Purpose: To investigate in vivo the feasibility of using magnetic resonance (MR) imaging-derived temperature and thermal dose measurements to find the threshold of thermal tissue damage.
Materials and methods: Sonications were delivered in rabbit thigh muscles at varying powers. Temperature-sensitive MR images obtained during the sonications were used to estimate the temperature and thermal dose. The temperature, thermal dose, and applied power were then correlated to the occurrence of tissue damage observed on postsonication images. An eight-element phased-array transducer was used to produce spatially flat temperature profiles that allowed for averaging to reduce the effects of noise and the voxel size.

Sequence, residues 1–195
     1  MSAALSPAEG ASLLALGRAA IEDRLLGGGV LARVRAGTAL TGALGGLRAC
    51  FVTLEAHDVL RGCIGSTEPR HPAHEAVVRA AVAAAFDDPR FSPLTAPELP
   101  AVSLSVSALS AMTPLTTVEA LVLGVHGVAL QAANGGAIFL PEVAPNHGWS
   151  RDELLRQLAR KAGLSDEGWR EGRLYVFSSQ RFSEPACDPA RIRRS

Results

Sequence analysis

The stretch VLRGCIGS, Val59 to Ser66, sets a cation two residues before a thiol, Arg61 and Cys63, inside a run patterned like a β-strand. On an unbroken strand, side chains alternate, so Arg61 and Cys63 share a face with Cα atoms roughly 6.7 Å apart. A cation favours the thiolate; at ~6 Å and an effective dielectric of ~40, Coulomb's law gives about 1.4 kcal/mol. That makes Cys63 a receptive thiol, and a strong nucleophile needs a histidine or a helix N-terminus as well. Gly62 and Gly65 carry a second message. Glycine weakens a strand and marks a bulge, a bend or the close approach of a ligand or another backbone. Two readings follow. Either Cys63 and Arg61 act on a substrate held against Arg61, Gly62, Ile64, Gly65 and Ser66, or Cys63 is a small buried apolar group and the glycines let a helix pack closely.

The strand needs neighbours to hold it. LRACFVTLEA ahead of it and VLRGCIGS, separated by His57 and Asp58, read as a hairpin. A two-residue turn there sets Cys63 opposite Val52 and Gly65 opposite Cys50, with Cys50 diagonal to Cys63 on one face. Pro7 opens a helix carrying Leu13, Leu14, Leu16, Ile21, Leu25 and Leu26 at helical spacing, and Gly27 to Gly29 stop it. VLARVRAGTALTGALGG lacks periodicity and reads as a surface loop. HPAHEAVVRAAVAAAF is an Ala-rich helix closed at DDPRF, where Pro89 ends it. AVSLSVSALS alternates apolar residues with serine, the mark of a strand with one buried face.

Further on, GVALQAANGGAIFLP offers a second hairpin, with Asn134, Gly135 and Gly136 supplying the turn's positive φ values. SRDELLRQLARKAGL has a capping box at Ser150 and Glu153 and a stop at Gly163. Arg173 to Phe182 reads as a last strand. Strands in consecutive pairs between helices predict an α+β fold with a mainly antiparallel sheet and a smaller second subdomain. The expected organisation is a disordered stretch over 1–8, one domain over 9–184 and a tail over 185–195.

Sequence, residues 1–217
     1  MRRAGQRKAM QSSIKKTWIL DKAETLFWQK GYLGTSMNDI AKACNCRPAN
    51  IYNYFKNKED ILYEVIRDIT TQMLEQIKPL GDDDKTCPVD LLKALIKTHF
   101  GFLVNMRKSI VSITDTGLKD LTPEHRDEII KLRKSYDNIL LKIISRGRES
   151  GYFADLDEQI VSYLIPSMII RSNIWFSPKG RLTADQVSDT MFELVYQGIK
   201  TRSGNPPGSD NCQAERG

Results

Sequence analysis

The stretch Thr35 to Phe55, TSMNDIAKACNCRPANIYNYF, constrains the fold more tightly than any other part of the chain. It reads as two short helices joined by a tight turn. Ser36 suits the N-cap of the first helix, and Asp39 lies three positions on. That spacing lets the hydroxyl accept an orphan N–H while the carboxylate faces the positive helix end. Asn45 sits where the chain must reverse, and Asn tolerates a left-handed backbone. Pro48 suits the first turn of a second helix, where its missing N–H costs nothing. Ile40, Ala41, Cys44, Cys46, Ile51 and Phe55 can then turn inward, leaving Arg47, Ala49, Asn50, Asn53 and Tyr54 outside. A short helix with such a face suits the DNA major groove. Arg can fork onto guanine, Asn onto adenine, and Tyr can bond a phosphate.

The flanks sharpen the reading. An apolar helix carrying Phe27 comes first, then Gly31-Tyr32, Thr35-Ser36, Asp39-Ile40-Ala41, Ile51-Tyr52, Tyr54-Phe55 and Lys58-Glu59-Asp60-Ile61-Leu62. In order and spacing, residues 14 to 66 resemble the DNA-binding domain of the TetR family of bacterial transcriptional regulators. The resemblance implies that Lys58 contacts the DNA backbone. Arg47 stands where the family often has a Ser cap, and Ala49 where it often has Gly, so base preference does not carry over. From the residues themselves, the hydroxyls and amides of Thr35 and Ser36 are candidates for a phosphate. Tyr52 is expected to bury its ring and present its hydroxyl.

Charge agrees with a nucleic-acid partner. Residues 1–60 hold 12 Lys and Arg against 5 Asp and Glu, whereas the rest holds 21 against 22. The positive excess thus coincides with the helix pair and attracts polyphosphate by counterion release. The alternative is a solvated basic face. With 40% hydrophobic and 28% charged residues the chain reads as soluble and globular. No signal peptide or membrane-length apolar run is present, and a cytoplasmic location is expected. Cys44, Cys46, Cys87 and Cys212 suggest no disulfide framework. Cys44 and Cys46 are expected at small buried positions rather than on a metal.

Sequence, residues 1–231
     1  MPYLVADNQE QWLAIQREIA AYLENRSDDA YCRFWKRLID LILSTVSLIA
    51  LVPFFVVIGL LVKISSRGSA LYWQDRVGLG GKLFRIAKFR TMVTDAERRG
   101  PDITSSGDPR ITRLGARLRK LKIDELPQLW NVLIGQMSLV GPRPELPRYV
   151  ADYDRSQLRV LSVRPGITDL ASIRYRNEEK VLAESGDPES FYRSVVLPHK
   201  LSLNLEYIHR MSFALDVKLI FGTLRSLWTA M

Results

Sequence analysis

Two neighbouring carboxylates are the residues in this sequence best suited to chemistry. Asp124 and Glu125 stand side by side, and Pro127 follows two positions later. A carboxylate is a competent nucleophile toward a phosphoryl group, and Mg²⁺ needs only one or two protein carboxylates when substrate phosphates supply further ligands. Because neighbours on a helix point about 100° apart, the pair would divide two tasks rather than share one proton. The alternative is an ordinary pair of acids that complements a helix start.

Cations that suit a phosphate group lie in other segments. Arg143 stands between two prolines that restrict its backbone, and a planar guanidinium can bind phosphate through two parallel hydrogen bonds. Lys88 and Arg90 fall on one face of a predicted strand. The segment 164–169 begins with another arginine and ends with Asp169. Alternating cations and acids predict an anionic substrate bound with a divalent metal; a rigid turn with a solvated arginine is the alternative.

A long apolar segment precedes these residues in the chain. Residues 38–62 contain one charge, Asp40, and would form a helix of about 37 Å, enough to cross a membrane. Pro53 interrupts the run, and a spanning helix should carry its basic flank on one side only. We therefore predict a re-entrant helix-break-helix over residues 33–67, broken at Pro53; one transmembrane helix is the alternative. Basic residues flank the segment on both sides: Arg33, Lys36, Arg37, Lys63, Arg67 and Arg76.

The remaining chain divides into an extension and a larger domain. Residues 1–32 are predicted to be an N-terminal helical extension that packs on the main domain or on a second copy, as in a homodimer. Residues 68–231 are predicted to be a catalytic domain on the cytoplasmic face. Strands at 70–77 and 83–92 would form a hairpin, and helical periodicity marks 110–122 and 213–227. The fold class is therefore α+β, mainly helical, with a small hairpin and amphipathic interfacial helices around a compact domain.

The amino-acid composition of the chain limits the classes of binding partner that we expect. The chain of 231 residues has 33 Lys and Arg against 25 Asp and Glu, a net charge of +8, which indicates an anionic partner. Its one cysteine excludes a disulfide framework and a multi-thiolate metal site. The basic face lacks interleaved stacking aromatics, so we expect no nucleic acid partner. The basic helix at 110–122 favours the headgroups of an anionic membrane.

Results: The occurrence of tissue damage correlated well with the MR imaging-derived temperature and thermal dose measurements but not with the applied power. Tissue damage occurred at all locations with temperatures greater than 50.4 degrees C and thermal doses greater than 31.2 equivalent minutes at 43.0 degrees C. No tissue damage occurred when these values were less than 47.2 degrees C and 4.3 equivalent minutes.
Conclusion: MR imaging thermometry and dosimetry provide an index to predict the threshold for tissue damage in vivo. This index offers improved online control over minimally invasive thermal treatments and should allow for more accurate target volume coagulation.